“I think I just got divorced on Facebook.”
This is what goes through my head as my friend calls to tell me he received a notification that my wife changed her marital status on the popular, social-networking site. Apparently, the notification went out to over 200 of our friends, via the Facebook newsfeed, sandwiched in between a YouTube clip of a dog jumping backwards and a plea to end genocide in Darfur. I am not yet a member of Facebook so I didn’t get the alert. In fact, I think my words to him previous when mentioning the site were something along the lines of no f***ing way I’m ever gonna join.
“I’m so sorry, man,” my friend says.
I feel naked, exposed, embarrassed and some form of exhileration; but mostly I just feel like crying. I thank him for his love and hang up the phone. I’m sitting on the porch, but my thoughts drift downstairs, where my wife is camped out in the in-law unit of our house. She migrated there with our comforter, pillow and a few pieces of furniture, giving what is now my bedroom a minimalistic, deserted look. This was after she felt there was no way forward for us, together. Cheap and expensive thoughts compete in my brain and belly. I guess she’s at the point where a positive marital signifier on Facebook might preclude the type of connection she may be seeking. I burn. And because I burn I melt.
I have come to terms with where we are, with the fact that our 10 years together is coming to a close. Ending, despite two perfect children and a house we own, in a pristine land outside San Francisco. Obviously, I have only come to terms with the concept, not the facts. For me it seems easier to defy gravity than let go of our marriage.
Instinctively, I rush to my computer and go to Facebook.com, to see in digital the news I’ve just received in analog. I find Mandy’s profile and try to open it. “Access denied.” Apparently, I need to open an account to get inside her space and read her news. Alright. I bite the bullet and do what I had sworn a blood oath not to do, sign up for Facebook. I go through the drill yet still can’t access her profile. I must send her a request to add me as a friend.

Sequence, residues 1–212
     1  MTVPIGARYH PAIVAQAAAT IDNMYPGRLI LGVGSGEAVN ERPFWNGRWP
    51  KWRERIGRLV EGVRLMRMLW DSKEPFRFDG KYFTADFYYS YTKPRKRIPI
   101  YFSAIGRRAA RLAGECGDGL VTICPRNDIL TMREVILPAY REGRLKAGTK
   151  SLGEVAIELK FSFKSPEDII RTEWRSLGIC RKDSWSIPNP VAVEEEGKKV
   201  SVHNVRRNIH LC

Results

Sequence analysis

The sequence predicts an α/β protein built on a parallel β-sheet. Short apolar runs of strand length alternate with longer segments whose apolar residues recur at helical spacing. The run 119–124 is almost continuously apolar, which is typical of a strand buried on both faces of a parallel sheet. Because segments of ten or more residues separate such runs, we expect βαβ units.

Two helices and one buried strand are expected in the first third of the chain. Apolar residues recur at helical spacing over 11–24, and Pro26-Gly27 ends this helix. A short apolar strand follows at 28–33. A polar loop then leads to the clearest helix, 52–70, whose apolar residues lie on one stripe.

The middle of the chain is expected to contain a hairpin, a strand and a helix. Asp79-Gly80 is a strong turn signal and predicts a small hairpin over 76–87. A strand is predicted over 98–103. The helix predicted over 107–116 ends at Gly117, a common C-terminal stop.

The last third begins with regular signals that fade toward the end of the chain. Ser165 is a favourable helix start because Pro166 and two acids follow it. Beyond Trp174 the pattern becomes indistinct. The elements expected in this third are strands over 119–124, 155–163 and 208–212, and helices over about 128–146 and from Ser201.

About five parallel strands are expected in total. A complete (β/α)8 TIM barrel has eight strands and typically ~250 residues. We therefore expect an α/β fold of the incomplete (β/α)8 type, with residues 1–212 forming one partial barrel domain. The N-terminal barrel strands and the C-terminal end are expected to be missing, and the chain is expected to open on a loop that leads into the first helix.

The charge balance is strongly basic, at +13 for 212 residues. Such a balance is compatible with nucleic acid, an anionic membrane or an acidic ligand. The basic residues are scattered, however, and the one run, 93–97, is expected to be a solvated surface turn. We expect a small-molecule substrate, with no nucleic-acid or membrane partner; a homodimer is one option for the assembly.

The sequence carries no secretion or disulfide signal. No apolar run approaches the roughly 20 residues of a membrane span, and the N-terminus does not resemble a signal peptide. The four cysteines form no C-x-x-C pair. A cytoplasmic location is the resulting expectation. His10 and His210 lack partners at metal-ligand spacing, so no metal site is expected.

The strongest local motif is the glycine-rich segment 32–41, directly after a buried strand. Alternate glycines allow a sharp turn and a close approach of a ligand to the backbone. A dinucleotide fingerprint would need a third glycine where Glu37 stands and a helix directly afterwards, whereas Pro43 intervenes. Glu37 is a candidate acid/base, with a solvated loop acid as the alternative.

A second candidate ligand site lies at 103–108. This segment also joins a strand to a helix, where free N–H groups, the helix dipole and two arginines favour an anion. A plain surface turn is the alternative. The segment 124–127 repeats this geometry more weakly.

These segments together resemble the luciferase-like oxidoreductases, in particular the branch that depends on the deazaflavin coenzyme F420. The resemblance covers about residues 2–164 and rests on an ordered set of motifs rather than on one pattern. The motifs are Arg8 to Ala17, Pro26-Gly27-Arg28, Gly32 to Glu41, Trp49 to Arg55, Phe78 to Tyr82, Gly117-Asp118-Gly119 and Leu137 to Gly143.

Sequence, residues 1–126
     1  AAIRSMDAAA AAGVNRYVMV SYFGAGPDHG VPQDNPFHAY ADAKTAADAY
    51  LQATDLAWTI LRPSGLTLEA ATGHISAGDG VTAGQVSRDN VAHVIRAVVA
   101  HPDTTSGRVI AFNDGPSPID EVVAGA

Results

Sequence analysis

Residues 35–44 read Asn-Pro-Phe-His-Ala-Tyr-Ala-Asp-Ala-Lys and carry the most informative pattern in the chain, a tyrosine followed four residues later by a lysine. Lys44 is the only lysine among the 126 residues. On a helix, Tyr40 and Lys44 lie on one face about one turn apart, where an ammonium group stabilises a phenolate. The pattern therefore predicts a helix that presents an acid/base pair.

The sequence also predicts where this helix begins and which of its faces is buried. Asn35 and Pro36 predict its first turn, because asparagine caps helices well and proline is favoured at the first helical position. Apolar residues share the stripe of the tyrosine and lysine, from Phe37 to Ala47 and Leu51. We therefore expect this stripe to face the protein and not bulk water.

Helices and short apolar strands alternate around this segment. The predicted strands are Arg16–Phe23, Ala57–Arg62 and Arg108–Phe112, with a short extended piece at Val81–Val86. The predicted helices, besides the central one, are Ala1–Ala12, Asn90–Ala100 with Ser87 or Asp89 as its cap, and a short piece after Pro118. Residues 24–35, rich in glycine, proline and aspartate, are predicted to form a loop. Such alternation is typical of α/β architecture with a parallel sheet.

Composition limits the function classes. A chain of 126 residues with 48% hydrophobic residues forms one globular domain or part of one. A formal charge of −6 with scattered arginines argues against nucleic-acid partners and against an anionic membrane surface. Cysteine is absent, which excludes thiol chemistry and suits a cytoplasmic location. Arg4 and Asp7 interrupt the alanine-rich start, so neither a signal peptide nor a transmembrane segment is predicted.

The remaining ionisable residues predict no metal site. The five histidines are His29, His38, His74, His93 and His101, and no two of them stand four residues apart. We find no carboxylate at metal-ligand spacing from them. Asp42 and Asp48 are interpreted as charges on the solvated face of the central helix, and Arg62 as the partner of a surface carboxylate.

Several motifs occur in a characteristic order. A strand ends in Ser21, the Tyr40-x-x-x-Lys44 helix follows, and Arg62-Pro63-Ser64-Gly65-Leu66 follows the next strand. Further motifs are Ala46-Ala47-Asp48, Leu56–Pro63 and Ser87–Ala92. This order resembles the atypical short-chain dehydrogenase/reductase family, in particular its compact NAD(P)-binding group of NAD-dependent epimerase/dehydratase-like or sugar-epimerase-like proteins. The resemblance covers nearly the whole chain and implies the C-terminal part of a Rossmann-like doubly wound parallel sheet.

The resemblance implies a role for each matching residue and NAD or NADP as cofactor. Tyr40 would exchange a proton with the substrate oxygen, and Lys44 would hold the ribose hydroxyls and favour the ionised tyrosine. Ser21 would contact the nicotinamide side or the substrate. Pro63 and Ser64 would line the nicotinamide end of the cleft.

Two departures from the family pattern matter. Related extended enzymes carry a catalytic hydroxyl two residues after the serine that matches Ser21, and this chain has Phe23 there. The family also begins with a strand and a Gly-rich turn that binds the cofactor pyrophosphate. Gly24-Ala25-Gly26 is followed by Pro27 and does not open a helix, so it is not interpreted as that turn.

“Oh, man, is this really worth it?”
Probably not, but I do it anyway. In an hour or so a message pops up on my Facebook profile: “Mandy and Chris are now friends.” I have to laugh in spite of myself, but it also breaks my heart. This is the closest she’s allowed me in the last year.
I search through her friends and contacts. I can’t put together who she might have done it for, or if she did it for anyone other than herself. This isn’t helping.
I never find the news item of her digital declaration of independence, but I am here. I have crossed the virtual Mason/Dixon line between being on Facebook and not being on Facebook. It is a cultural dividing line for our modern times, wherein you make your stand and your party politics. To ‘book or not to ‘book? That is the question. Maybe there is something here for me, I think to myself. Besides spying on my wife, that is.
I happen to bump into her the next day, in our kitchen. Predictably, the first thing she does is offer a sweet yet condescending appraisal of my recent Facebook conversion. Deservedly so, I might add. Since she joined, I’ve had a habit of making snide and derisive comments about her digital addiction. For the last year, I have rarely seen her without a laptop or mobile device jacked into “the ‘book.” So, I take it on the chin and shrug off her veiled accusations of stalking.
“90% of your friends are mine too. Am I excluded somehow from participation in this wonderful, digital world?” I ask.
I can sense she now feels as though there’s one less place she has all to her own, where I’m not present or connected. Her mourning is palpable. I am hurt and therefore pissed. Nonetheless, we both manage to escape the kitchen without spilling blood—or mentioning her online divorce notice.